"all men are created equal" What did Jefferson really mean by this because everyone did not get treated equal The line "all men are created equal" is perhaps the most famous line in American history, from one of the most famous documents that made it possible for American history, from The Declaration of Independence. Today the line refers to anyone in America, including African Americans, Native Americans, and women. Two- hundred years ago, when the Declaration was written, the only people who were treated equal were white men, the ones who wrote it (Thomas Jefferson...) I believe that when Jefferson and his committee wrote the Declaration they meant that all men are created equally better than everyone else. Everyone thought that the Declaration of Independence included everyone in America, but they saw different after women weren't even given the right to vote. Not being able to vote is like not being able to choose who you marry. Women were not given the right to vote until Elizabeth Cady Stanton wrote the Declaration of Womens Rights and motivated women to start fighting for their rights and in 1919 Congress finally gave them the right to vote. Now women were feeling more involved and equal. There was no effective law on freeing enslaved African Americans until 1862. In 1862 President Abraham Lincoln signed the Emancipation Proclamation which declared freedom for enslaved persons in parts of the Confederacy not under control of the Union Army. Everyone was not treated completely equal until the 1900s. Today everyone in the United States has the same rights and the same freedom. The line "all men are created equal" has never before meant what it does today....
pages: 2 (words: 280)
comments: 1
added: 10/17/2011
Introduction In America's current society, a great debate has surfaced about the Constitutions definition of 'marriage'. Does the definition exclusively include male and female relationships, or should it include any relationship of two consensual adults? The United States is a land of free choice and democracy, should changes in society's actions be welcomed in no matter what shape or form, or should certain historical values of human relationships go unchanged? This is a stern worldwide debate that has cause decention among societies in this land and abroad, causing debate from the Vatican City to the USA. This paper is a group effort among freethinking individuals with the pure intent of explaining the story. It will cover the historical aspects, the controversy, the current standings, and future aspects of this great topic, but will not chose a side. Same-Sex Marriage: A History of the Law According to Webster's New Collegiate Dictionary, a family is "the basic unit in society having as its nucleus two or more adults living together and cooperating in the care and rearing of their own or adopted children. Despite this definition lesbian and gay couples--with or without children--is not what is imaged when most people think of a family. Although, lesbian and gay couples (and their children) consider themselves families. Over the past several decades, same-sex couples have been seeking social recognition for their families. It began in the 70's, when same-sex couples applied for marriage licenses and asked the courts to allow one partner to adopt the other, and also took legal steps to legally cement their relationships--most of these efforts failed. By the mid 80's, it changed to seeking "domestic partnership" recognition for same-sex couples from local and federal governments, and private companies. It continued, with increasing strength, into the 90's. Some couples were applying for marriage licenses and...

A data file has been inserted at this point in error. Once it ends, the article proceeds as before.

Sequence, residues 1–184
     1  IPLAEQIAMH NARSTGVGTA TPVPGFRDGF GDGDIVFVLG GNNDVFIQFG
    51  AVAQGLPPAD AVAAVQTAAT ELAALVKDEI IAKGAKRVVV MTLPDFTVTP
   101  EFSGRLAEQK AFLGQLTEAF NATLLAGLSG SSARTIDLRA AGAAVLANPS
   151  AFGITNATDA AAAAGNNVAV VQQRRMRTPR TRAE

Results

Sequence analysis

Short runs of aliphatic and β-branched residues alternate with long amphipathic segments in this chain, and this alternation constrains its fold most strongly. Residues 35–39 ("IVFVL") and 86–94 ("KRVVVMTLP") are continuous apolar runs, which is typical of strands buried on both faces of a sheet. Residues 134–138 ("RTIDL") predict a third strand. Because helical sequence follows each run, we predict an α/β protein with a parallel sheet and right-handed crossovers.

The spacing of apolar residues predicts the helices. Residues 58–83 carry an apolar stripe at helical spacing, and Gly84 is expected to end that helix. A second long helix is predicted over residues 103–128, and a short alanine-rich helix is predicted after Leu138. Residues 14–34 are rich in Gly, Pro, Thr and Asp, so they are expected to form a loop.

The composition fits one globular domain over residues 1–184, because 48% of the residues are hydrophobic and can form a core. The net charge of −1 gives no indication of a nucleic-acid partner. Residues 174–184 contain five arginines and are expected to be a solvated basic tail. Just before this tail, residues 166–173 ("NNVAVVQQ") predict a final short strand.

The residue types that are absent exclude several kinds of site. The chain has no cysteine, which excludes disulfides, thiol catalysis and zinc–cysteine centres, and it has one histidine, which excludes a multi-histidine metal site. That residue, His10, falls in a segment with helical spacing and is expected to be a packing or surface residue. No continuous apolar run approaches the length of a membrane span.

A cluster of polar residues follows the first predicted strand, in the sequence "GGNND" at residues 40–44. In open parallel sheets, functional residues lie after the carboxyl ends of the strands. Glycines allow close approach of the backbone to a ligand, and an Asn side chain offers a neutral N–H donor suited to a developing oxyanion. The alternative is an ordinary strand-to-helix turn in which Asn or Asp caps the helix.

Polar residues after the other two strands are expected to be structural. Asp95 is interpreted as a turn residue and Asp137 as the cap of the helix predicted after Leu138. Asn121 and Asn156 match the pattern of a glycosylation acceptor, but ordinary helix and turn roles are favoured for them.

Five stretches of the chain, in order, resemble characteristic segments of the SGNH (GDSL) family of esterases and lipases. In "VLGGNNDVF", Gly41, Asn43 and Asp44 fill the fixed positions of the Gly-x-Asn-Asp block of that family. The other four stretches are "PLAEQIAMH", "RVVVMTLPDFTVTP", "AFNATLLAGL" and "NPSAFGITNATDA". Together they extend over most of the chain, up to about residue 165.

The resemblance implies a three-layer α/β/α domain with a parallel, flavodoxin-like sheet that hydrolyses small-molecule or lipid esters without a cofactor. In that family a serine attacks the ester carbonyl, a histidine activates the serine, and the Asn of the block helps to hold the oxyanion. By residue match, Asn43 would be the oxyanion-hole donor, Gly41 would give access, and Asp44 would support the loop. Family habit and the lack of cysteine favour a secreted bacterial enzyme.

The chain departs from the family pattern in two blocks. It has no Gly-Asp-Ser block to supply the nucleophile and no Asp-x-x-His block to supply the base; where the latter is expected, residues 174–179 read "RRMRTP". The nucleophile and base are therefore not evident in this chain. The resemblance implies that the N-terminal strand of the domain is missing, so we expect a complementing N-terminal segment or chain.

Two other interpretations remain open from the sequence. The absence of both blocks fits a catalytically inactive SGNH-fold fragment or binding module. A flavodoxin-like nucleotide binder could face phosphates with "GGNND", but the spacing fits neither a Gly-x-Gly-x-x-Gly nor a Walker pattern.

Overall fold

pages: 8 (words: 2066)
comments: 0
added: 12/16/2011
There are 51% of human population is woman in the world, in other words, 2% more than the man. One may think woman can get similar resources and rights as man can. However, the truth is not. Few women in the world can have fair rights and respect as man, and this also can be observed in Taiwan's society. Nevertheless, the role and the position of women are changing gradually in the past fifty years. This can be seen from two phenomena: the one is that the alternation of woman's rule, and the other one is the improvement of the woman's rights and the positions. You can buy essay at WriteMyPapers.org. Plagiarism report, unlimited revisions, proofreading and much more! The first one thing is the alternation of the woman's role. Fifty years ago, woman in Taiwan had the same meaning with "house keeper". The only job they were allowed to do was to finish some unimportant house works that their husbands ordered. It would be impossible to give the woman the decision right because of their low level position in home. But now, the role of woman has been changed and becomes more complicated. At home, they are still responsible for housekeeping in most Taiwan families. But at the working place, they are given the same requirements as the men are. In other words, they undergo the double pressures in their life. The second one is the woman's right and positions are both improving nowadays comparing with fifty years ago. This can be observed form the increment of woman's salary, increment of the education opportunity, and policy for protecting woman. One of the most differences is that woman's payment has been largely increased than tens of years ago. Most enterprises now focus more on one's ability than one's gender, and bosses are...
pages: 2 (words: 516)
comments: 2
added: 03/16/2011